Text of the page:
For the foregoing reasons, the judgment of the trial court in appeal no.   03-CV-221 is affirmed with the exception of its order awarding attorney's fees and costs to appellees, which we reverse and remand with instructions to vacate.   In light of our disposition, appeal no.   03-CV-1263, in which Mitchell and Bastida seek reversal of the trial court's order vacating a prior order granting them a judgment on the personal representative's surety bond in the probate proceeding to cover costs and attorney's fees, is affirmed.

So ordered.


1.   Appellees also argue that this appeal should be dismissed because the appointment of the successor personal representative had expired before she filed a notice of appeal.   The Superior Court reinstated the authority of the personal representative nunc pro tunc from June 26, 1999, well before the estate noted the appeals in this case.   Appellees contend that they did not receive a copy of the petition to restore the personal representative to office.   However, they have failed to demonstrate that they were entitled to service of the petition in the probate proceeding in which the personal representative's authority was restored.   In any event, any challenge to the validity of the personal representative's appointment should have been made in the trial court in the probate proceeding.   Therefore, we reject these arguments.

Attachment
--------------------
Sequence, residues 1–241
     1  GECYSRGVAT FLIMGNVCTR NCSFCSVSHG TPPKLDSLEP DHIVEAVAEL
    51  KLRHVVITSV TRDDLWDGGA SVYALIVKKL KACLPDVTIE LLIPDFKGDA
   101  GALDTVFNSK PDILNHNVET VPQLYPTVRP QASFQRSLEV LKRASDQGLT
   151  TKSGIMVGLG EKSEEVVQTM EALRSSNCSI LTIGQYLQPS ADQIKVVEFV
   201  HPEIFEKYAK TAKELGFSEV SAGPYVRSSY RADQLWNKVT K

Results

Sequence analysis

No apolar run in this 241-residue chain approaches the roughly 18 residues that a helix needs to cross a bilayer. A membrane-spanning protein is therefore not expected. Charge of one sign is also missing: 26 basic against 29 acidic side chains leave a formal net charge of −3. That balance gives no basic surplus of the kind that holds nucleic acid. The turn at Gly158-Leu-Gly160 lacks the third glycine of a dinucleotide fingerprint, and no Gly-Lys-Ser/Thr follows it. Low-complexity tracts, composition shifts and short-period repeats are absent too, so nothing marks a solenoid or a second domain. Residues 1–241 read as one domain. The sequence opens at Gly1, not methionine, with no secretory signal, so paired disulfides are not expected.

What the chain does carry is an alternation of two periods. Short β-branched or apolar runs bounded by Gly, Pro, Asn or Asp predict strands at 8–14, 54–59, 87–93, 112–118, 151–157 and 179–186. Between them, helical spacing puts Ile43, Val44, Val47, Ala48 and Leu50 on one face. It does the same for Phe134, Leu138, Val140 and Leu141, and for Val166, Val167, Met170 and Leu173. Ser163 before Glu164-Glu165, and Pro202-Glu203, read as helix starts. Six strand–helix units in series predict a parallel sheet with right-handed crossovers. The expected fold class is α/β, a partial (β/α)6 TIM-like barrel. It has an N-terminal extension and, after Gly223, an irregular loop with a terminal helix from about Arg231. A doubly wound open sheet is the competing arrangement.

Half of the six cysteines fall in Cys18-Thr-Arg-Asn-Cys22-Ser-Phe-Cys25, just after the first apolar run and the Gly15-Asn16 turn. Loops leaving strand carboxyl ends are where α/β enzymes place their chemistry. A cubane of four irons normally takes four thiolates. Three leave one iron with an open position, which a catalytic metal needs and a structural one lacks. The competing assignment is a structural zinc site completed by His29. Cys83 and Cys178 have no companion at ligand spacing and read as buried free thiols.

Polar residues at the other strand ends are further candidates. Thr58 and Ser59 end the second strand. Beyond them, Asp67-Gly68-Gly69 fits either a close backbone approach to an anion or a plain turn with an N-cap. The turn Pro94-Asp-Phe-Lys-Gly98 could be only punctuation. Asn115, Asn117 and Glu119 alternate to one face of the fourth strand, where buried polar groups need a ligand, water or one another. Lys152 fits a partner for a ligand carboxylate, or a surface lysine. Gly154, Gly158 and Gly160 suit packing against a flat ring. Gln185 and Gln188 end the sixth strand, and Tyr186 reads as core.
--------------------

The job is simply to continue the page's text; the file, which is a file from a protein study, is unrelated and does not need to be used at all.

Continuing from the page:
2.   The estate also sought an injunction to preclude conveyance, transfer, or encumbrance of the property, the payment of the proceeds of the alleged unlawful sales, and other relief as the interest of justice requires.

3.   Lawrence Mitchell averred in his affidavit that he is a professional title examiner, authorized title insurance agent, and operator of a title agency handling real property transactions in the District of Columbia.